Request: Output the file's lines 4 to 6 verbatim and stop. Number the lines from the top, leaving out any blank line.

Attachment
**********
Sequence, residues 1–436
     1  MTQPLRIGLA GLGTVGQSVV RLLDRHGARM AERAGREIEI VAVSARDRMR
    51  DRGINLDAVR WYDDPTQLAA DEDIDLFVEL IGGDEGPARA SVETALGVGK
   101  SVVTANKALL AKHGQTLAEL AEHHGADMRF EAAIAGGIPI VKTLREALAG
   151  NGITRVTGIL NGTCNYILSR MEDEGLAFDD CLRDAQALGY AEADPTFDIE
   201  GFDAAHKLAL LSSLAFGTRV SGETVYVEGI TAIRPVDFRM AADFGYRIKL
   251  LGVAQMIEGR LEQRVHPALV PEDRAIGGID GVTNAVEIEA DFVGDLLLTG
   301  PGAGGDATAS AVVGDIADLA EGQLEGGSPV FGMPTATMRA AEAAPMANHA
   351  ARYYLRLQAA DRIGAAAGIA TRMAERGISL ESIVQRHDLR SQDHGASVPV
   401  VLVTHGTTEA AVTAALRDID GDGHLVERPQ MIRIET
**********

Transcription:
   101  SVVTANKALL AKHGQTLAEL AEHHGADMRF EAAIAGGIPI VKTLREALAG
   151  NGITRVTGIL NGTCNYILSR MEDEGLAFDD CLRDAQALGY AEADPTFDIE
   201  GFDAAHKLAL LSSLAFGTRV SGETVYVEGI TAIRPVDFRM AADFGYRIKL